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US Observes Memorial Day, Honoring Its War Dead

President Donald Trump participates in a wreath laying ceremony at Arlington National Cemetery, May 29, 2017, in Arlington, Virginia.

The U.S. is celebrating Memorial Day to honor its war dead.

President Donald Trump, in his first Memorial Day as the U.S. leader, laid a wreath Monday at the Tomb of the Unknown Soldier at Arlington National Cemetery just outside Washington.

"We honor the noblest among us, the men and women who paid the ultimate price for victory and freedom," Trump said. "They made their sacrifice, not for fame, nor for money, or even for glory, but for country."

Trump: We honor the noblest among us
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Trump said the country's fallen warriors "died in war, so we could live in peace."

He told relatives of those killed in action, "While we cannot know the extent of your pain, what we do know is that our gratitude for them and to you is boundless and undying."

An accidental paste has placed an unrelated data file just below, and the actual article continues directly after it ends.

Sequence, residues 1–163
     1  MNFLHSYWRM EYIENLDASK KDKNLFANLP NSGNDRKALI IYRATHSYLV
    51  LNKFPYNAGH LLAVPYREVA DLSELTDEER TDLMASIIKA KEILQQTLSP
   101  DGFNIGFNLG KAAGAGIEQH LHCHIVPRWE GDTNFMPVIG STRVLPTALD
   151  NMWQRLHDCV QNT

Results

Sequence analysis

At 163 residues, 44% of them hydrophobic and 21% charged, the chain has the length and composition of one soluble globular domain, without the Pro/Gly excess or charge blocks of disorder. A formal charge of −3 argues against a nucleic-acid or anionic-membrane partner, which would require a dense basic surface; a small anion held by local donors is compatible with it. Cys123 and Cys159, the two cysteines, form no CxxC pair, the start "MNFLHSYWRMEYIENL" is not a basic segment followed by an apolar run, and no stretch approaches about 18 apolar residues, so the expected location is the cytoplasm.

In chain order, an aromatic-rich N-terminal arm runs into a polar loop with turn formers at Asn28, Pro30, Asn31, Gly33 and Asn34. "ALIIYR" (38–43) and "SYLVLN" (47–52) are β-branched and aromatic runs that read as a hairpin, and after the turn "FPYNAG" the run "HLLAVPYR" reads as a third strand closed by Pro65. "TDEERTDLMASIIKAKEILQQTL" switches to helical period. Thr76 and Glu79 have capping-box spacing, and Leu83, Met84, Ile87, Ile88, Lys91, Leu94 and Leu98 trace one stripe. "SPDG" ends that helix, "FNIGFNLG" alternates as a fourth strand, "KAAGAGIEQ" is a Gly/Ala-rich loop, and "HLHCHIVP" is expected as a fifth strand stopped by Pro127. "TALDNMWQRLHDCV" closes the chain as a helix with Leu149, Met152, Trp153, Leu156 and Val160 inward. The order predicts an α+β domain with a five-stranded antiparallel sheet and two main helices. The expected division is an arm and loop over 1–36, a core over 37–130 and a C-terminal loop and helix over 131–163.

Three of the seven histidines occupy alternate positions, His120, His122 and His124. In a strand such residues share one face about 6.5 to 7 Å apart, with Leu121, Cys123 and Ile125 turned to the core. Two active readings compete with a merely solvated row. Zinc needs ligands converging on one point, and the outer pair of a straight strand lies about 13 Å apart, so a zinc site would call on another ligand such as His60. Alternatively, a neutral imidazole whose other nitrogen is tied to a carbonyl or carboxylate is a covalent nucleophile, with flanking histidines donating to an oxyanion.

Officially, Memorial Day, observed on the last Monday in May, has been set aside to honor all who died during military service throughout U.S. history.

Observances around the country and Washington are planned for the day.

In Pictures: US Observes Memorial Day

Rolling Thunder, with thousands of motorcycle riders in Washington for the holiday, held wreath-laying events at the World War Two Memorial and the Vietnam Veterans Memorial. Rolling Thunder participants ride motorcycles to bring attention to the lingering number of prisoners of war and military service people who are missing in action.

'Rolling Thunder' - an Annual Memorial Day Tribute
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This year, Memorial Day coincides with the 100th anniversary of the birth of America's 35th president — John Fitzgerald Kennedy.

WATCH: World Marks 100th Anniversary of JFK's Birth

World Marks 100th Anniversary of JFK's Birth
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Washington's Kennedy Center for the Performing Arts is hosting a JFK Centennial Celebration. Actors Martin Sheen, Brian Dennehy and soprano Renee Fleming are among the artists participating in the event.